Deep Sleep

Sleep occurs in waves, with a trough called deep sleep when we are in maximum recovery mode. Its nature is somewhat less well known than the more dramatic "dream sleep” during REM. During deep sleep, blood pressure drops, breathing may become slightly slower, and muscles are relaxed as tissue growth and repair occurs and energy is restored. Most deep sleep occurs during the first two sleep cycles of the night, with the greatest amount typically occurring in the first cycle. As the night progresses, deep sleep decreases and is replaced by an increasing amount of REM sleep toward morning.

Deep sleep is effective in decreasing the sleep drive that builds steadily over the course of the day. Short afternoon naps of about 20–25 minutes or less do not allow enough time to cycle into deep sleep, and therefore are less likely to result in the difficulty falling asleep that longer naps can produce.

Our access to deep sleep is vulnerable to the effects of stress, sleep disruption, lack of physical exercise, timing of meals, and caffeine consumption, among other things. Without adequate deep sleep, these factors contribute to the run-down feelings people may frequently experience.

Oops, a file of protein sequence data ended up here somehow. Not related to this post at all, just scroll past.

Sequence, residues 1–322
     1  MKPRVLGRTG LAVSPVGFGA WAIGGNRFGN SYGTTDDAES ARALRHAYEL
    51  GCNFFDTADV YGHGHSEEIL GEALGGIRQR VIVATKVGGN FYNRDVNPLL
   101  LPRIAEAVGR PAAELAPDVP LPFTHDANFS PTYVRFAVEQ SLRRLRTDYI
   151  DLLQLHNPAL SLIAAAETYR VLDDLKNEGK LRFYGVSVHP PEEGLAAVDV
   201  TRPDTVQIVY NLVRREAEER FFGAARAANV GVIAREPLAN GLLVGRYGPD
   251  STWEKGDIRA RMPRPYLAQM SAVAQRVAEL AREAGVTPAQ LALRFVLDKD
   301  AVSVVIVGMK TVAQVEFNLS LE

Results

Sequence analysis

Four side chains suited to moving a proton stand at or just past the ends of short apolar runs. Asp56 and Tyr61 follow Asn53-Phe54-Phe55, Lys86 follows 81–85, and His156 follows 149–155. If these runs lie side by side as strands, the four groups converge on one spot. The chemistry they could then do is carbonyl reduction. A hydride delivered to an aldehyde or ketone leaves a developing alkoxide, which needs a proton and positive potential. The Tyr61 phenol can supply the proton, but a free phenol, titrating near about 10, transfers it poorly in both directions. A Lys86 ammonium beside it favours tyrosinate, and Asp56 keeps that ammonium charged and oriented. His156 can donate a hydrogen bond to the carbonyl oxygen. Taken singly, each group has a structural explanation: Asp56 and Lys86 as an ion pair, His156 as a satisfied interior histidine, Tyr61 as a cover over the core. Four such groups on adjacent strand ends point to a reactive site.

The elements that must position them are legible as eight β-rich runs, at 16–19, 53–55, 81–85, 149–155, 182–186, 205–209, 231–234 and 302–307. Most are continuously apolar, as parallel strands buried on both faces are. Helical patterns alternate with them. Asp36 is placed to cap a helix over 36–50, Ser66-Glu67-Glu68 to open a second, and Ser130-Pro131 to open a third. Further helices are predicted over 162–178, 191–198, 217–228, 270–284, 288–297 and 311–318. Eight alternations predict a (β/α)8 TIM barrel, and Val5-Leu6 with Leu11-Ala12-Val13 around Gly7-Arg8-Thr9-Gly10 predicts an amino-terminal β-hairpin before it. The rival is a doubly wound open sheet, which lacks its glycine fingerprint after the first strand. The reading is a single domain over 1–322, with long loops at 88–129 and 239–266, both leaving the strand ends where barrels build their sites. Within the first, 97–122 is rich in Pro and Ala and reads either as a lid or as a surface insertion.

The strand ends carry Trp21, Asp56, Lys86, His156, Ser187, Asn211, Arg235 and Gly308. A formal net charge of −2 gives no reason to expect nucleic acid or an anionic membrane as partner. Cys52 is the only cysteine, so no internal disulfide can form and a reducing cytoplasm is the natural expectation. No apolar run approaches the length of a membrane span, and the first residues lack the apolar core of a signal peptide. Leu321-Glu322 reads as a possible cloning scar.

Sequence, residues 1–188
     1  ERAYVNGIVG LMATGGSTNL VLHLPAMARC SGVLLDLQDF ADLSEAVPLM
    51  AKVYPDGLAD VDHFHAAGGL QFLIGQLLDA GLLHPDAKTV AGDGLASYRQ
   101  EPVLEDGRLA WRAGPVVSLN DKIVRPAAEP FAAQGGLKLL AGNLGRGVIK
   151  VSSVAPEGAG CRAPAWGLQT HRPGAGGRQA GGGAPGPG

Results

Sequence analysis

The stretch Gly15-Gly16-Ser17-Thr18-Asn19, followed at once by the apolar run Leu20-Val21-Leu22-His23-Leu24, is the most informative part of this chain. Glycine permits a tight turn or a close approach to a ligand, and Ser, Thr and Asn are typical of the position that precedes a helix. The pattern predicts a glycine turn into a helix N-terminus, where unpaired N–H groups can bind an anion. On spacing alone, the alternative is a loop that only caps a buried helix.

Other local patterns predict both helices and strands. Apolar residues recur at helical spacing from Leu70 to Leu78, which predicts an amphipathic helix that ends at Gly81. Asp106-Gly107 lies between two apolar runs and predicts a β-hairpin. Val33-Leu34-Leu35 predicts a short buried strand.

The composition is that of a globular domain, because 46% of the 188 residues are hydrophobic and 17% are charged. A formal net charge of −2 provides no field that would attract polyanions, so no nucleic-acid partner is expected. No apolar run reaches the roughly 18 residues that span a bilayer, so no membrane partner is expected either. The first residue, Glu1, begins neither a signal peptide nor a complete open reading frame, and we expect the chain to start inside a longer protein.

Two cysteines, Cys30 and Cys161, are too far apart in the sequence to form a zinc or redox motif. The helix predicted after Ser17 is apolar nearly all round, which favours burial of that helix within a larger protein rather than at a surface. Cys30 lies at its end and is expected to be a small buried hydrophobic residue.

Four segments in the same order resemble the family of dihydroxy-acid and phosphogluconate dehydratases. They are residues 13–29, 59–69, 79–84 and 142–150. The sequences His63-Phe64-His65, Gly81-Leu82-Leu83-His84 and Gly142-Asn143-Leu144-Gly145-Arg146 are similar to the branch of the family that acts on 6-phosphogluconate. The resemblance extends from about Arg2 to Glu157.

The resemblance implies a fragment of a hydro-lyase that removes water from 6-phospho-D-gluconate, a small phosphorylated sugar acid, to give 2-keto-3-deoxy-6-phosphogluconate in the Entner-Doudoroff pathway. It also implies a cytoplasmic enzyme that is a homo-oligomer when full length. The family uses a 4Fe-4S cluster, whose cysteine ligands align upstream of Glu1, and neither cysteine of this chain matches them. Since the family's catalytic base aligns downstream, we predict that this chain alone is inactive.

A few suggestions for increasing deep sleep:

  • Restrict or eliminate caffeine several hours before bedtime, as it can reduce time spent in deep sleep.
  • Bring lavender into your bedroom. The scent has been shown to decrease heart rate and blood pressure, potentially putting you in a more relaxed state, as well as increasing your amount of deep sleep.
  • Stress can reduce your ability to get a sufficient amount of deep sleep. Try de-stressing from the day by reading a good book or with some light stretching while listening to relaxing music.
  • Avoid spicy meals at dinner; eating a spicy meal before bedtime lessens your time in both light and deep stages of sleep; it can also make falling asleep more difficult.
  • Keep your room, bed, and body at a comfortably cool temperature. Temperature can have an even greater effect on your sleep cycle than ambient light.
  • Eating a meal high in fiber and low in saturated fat and sugar at least 2–3 hours before bedtime may help you fall asleep faster and increase deep sleep.
  • Morning exercise can provide a particular boost to deep sleep and help you sleep more soundly at night. Exposure to a bit of morning sunlight will also help make you feel alert and keep your circadian rhythm on track.
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